Your Child’s Advent Doesn’t Have to Be Perfect

Have you ever made quesadillas?  There’s an art to it, much like pancakes.  You’re looking to strike that perfect balance of temperature and patience, applying enough external heat to melt the cheese and brown the tortilla, but not so much as to burn the outer, leave the inner cold, and render the whole thing inedible.  It’s an exercise in prudence and wisdom and, most of all, self-restraint with the process.

In other words, it’s a lot like observing Advent with children.

I’ve only been doing this mothering gig for fourteen years now, so I’m certainly no expert, unless you count being an expert in making mistakes.  And I have made a lot of mistakes in the observation of Advent with kids.  Luckily, much like my fondness for quesadillas, I have a deep desire to keep at it, to find that perfect balance which will result in the quintessential Advent with my children—flawless in execution and results.

Unfortunately, such a thing does not exist.  There is no “perfect Advent”, not with kids, nor with ourselves, because we are not perfect people.  If we were, we wouldn’t even need Advent. But we aren’t, so we do, and the reasons for this time of preparation change from year to year, and person to person.  So any notion that if we will, as parents, just find the right mix of Pinterest-worthy activities combined with child-friendly Ignatian spirituality, somehow assure the eternal salvation of our children needs to be thrown out with those overcooked quesadillas.

The best piece of advice I can offer in regards to observing Advent with your children is this: remember what it’s for and who it’s for.

The what is easy: Advent is to ready our hearts for the coming of the Christ Child.

The who is somewhat trickier.  On the one hand, it seems that Advent is for Christ, for His arrival into our hearts.  But if we remember that Advent is a season of preparation, the real who of Advent becomes clearer.  Advent is for us.  Christ is, by His very nature, already perfect.  But we’re not.  So we set aside that lead up to Christmas to help us get ready for His arrival.  But how?  Not surprisingly, the how of that preparation has no one-size-fits-all answer.

As a parent, you know your children better than anyone.  You know which ones would be horrified getting their hands dirty making adorable Advent lanterns but would blossom when taking the time to visit the sick.  You know which ones would crack open all their (and their siblings’!) Advent calendars and swipe the chocolate, but would excel at remembering to put on the ornaments for the Jesse Tree.  As a parent, you know better than anyone that God made each child a unique creation, and He calls them to Him in distinct ways.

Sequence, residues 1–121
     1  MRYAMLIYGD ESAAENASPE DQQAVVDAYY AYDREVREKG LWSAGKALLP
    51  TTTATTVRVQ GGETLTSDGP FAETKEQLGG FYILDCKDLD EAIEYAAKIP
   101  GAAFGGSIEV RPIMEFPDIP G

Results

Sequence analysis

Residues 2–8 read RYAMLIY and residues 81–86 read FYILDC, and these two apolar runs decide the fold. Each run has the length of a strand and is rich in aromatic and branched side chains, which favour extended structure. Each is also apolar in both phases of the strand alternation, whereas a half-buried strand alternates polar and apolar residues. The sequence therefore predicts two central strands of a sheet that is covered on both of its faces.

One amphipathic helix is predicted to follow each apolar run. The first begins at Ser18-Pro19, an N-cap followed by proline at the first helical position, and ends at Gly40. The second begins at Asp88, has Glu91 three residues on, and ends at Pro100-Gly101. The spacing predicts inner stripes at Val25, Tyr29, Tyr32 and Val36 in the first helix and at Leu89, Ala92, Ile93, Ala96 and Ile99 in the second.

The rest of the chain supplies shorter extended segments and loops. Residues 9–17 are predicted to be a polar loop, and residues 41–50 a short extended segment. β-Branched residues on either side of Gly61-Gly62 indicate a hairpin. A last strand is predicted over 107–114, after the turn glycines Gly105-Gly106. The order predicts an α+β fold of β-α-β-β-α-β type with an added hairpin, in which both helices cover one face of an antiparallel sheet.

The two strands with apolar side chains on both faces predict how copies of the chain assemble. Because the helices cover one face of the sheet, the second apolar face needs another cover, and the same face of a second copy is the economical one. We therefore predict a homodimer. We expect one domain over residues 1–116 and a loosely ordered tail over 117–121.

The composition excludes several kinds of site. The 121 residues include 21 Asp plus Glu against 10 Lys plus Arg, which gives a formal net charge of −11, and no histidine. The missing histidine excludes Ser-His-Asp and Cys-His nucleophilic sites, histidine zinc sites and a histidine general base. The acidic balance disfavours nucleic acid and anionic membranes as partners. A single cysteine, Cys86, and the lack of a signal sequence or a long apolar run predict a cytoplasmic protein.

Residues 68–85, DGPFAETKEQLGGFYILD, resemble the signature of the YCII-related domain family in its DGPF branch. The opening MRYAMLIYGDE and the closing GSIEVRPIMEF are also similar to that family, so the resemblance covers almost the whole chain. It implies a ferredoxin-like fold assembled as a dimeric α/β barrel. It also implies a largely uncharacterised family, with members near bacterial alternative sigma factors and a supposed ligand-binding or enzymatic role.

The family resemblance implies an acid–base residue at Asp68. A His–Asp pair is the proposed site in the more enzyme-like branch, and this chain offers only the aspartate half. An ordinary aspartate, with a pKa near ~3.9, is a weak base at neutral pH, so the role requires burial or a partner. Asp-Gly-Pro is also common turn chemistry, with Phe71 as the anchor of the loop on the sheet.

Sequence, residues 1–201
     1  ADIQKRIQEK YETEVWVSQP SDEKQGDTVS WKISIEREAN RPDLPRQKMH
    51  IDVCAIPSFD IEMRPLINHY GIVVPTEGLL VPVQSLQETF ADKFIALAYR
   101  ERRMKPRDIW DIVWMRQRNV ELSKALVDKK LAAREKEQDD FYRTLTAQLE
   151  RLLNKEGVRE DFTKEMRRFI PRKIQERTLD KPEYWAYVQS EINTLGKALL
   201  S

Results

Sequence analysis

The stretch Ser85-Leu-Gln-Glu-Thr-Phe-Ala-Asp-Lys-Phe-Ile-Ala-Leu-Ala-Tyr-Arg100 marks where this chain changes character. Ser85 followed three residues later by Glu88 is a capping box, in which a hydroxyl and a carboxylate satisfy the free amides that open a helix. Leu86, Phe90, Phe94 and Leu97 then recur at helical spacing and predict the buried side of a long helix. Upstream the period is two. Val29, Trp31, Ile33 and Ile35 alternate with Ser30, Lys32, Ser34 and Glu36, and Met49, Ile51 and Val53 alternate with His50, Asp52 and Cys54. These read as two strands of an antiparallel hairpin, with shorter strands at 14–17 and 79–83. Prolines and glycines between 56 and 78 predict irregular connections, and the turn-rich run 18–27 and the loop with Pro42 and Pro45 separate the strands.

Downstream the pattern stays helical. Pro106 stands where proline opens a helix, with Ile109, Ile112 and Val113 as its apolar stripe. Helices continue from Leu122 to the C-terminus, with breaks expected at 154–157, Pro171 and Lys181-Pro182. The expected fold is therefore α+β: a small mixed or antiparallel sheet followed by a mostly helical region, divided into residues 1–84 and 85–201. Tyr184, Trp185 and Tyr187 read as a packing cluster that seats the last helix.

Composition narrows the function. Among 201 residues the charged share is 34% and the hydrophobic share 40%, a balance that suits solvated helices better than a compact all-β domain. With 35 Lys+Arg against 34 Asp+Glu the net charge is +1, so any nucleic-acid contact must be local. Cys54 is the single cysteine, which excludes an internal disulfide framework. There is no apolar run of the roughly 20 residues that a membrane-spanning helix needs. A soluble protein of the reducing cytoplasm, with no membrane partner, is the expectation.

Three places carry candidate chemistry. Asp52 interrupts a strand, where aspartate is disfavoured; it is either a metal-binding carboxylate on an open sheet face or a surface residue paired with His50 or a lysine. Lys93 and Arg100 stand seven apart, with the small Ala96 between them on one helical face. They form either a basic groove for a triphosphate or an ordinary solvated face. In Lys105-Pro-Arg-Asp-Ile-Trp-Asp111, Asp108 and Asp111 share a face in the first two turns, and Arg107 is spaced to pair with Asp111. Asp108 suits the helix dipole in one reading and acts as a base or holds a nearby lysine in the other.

In our social media-saturated culture, it is easy to conflate doing with being.  That somehow, if we miss days on the well-meaning “Random Acts of Kindness Advent Calendar”, we’ve done a terrible disservice to our children.  But the truth is, a proper and efficacious observation of Advent will always be fluid, changing from person to person and year to year.  If you’ll forgive beating the metaphor to death, as parents, we have to channel our inner quesadilla-chef, and make sure we’re applying the even heat of the Gospel, but not at such a level where we burn ourselves- and our children- out. We should focus on helping our children’s hearts melt for Christ, to be people who are humble enough to face their shortcomings, and brave enough to want to change them.

In short, parents are called to die to a sense of “doing Advent right” in favor of “letting Advent do us well”.  We are called to not only assess our particular needs for this Advent (action or prayer?  acts of service or acts of contemplation?) but also the needs of all our individual children.  Then, to make the whole thing even more challenging for parents, we need to help equip our children with the tools to assess their own Advent needs so they may become devout adults, active in the Faith.

Really, the whole process is exhausting.  And then when you add the public aspect of social media, of “evangelizing the culture” via Facebook and Instagram and Pinterest, it becomes little more than a temptation to turn the burner on full heat and run the risk of burning all those quesadillas.

As we enter Advent this year, let us ask the Holy Spirit to reveal first the areas needed for our preparation, and then give us the guidance needed to see our children’s.  And above all, let us not forget to pray to be delivered from the temptation to turn the heat on too high in order to get results prematurely.  Because there are few areas where culinary skills and catechism intersect so neatly as the Advent season.

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Cari Donaldson lives on a New England farm with her high school sweetheart, their six kids, and a menagerie of animals of varying usefulness. She is the author of Pope Awesome and Other Stories, and has a website for her farm, Ghost Fawn Homestead.

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